Dirt offers a safety margin because the compression braking of the engine more easily cause the rear wheel to begin sliding against the ground before it can over-speed the engine. This is a result of the reduced traction of the dirt surface, the lighter static weight loading on the rear tire (MX bikes are lighter then street bikes), and the MX bike's high C.G. which causes a substantial reduction in the dynamic loading of the rear-wheel during deceleration--especially if you're using the front brake as you should be (Nose-wheelies anyone!).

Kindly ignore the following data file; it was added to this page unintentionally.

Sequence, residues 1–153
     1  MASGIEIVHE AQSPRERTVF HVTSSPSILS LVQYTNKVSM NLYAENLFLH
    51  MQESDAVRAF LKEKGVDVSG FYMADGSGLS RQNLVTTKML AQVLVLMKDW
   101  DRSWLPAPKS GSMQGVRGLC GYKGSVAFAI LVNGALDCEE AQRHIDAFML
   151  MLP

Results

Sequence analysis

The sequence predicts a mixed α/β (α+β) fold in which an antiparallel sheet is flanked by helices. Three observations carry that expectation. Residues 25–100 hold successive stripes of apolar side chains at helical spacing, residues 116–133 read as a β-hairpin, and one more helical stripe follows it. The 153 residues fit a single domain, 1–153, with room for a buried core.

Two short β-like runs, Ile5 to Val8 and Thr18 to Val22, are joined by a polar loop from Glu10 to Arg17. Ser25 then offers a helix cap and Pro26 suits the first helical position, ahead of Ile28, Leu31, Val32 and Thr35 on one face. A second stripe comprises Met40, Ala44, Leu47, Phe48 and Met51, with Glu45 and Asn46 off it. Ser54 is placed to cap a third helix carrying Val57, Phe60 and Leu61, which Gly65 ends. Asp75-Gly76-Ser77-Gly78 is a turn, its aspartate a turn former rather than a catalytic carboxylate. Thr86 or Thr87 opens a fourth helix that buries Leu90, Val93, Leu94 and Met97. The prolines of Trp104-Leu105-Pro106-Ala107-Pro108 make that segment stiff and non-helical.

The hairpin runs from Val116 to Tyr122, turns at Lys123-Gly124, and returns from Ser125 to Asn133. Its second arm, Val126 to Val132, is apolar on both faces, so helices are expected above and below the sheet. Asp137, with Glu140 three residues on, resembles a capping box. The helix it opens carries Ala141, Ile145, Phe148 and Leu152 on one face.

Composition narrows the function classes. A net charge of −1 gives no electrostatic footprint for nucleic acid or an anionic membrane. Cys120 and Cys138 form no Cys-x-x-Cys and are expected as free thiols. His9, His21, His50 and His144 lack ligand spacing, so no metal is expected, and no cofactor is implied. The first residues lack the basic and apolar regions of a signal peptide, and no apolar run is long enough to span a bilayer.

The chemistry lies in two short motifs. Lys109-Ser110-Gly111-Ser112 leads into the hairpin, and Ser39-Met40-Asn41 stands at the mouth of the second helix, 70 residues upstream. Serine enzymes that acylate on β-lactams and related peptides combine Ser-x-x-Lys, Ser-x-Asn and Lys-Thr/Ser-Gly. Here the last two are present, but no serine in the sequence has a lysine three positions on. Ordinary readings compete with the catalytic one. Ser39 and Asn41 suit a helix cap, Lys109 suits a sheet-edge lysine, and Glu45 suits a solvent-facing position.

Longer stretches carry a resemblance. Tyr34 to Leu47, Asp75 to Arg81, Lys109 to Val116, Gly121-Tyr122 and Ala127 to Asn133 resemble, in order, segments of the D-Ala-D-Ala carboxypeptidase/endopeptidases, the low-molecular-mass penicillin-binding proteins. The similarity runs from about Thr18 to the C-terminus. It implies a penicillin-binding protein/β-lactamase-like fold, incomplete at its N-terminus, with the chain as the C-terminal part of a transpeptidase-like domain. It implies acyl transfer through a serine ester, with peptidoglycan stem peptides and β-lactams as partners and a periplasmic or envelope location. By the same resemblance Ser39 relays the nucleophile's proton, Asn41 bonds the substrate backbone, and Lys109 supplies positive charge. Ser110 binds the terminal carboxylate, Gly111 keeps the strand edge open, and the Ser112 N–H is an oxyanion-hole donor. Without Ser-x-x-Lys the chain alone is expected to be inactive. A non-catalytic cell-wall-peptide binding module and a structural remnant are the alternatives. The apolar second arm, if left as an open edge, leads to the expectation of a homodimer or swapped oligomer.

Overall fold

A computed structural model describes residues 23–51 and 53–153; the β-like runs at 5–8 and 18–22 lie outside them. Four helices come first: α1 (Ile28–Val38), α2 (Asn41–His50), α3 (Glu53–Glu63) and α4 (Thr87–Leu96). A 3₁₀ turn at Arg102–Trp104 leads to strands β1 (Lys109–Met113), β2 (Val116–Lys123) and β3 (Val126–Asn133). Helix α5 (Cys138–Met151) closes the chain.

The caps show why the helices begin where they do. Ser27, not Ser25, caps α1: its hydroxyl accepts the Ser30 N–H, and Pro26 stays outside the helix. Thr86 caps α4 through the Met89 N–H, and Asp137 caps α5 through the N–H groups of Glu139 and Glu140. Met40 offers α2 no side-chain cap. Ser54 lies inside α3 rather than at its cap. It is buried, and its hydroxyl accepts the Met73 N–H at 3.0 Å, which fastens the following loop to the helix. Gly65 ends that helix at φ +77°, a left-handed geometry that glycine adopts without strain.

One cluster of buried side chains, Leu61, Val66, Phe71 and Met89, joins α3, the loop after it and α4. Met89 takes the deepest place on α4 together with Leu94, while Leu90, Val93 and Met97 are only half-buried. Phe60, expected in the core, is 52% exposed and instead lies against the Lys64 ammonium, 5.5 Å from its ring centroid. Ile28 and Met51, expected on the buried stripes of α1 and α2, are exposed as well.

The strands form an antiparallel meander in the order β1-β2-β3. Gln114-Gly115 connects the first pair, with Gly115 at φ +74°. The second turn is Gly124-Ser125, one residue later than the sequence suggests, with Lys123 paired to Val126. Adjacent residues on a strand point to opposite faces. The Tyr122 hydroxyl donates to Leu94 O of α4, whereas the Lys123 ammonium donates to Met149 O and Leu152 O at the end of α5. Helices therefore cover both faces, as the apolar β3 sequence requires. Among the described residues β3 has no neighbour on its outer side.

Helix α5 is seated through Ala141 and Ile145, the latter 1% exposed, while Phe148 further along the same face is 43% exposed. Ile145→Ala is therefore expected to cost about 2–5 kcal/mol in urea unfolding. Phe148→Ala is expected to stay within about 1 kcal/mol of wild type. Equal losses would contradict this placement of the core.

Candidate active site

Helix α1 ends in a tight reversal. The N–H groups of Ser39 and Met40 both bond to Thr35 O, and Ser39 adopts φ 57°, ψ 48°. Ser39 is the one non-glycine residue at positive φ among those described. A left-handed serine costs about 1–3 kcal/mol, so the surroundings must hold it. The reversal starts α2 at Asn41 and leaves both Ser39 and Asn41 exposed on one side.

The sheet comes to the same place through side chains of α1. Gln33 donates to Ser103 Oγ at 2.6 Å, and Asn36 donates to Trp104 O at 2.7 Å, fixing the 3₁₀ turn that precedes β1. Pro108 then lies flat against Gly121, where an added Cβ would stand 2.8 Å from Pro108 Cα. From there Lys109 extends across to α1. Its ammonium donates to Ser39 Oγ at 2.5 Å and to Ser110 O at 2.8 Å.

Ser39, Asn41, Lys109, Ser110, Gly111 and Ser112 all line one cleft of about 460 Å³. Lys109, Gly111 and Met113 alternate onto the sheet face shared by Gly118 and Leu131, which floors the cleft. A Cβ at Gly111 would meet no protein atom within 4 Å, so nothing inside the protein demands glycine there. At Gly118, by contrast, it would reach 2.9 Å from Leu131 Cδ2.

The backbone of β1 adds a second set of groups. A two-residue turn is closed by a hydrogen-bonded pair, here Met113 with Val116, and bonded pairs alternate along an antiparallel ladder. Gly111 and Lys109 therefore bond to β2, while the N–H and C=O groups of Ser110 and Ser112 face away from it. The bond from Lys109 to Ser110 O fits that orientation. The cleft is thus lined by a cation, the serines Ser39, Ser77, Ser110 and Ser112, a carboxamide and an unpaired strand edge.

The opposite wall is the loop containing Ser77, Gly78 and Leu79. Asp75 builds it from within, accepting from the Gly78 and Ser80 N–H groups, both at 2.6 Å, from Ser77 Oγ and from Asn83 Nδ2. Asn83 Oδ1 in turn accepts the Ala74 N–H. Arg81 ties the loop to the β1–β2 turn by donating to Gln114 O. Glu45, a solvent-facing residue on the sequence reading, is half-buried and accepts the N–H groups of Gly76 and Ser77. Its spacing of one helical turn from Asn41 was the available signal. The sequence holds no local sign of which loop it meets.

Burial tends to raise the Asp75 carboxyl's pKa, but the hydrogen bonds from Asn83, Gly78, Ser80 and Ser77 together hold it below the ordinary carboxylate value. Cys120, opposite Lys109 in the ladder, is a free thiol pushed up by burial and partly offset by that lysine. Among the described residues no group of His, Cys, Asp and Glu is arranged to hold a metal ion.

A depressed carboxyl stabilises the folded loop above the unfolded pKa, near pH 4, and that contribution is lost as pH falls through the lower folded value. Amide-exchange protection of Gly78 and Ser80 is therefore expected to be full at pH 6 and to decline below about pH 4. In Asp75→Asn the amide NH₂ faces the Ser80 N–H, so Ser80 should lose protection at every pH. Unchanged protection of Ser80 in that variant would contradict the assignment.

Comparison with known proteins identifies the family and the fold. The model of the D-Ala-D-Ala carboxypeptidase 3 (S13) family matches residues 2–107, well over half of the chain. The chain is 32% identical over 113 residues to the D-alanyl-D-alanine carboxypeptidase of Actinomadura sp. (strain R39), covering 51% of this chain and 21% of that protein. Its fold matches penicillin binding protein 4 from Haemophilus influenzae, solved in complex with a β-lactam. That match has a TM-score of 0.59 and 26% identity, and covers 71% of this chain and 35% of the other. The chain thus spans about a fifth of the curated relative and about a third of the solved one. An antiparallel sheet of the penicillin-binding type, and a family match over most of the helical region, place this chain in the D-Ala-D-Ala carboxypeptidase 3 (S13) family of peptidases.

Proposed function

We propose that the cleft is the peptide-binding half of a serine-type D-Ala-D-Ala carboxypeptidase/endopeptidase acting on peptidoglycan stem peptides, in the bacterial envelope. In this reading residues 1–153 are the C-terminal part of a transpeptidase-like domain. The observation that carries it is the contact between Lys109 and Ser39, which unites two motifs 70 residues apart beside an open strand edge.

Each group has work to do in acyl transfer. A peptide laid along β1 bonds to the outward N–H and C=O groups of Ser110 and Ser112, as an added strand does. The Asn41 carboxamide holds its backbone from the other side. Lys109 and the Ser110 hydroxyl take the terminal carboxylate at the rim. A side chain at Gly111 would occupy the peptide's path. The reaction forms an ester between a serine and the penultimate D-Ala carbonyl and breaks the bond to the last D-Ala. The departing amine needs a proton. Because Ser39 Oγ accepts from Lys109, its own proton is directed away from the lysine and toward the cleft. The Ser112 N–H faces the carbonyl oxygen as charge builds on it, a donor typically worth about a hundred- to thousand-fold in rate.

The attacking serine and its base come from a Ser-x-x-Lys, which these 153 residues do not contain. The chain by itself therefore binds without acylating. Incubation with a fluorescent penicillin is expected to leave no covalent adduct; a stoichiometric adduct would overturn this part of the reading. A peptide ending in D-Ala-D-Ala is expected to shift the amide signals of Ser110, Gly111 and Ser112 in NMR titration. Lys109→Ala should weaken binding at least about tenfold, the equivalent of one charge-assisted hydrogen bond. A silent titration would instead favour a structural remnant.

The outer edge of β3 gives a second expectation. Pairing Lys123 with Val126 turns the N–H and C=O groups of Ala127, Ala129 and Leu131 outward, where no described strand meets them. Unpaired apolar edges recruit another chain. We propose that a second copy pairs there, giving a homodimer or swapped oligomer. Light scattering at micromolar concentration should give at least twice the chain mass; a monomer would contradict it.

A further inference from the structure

The risk of downshift induced over-rev can be avoided completely (even on pavement) by simply:
1) Don't downshift when you're already revved-out.
2) Avoid downshifts until your groundspeed is appropriate for the lower gear that you wish to select. Use common sense

Again, on 99% of the dirt surfaces we ride on, this just won't be an issue. No matter what, the wheel will slide before the engine over-revs.



  • GYT-Rider

Posted July 22, 2002 - 06:31 AM


Thanks for the info Steve. I ride mostly in sand/gravel so I guess I don't have to worry. :)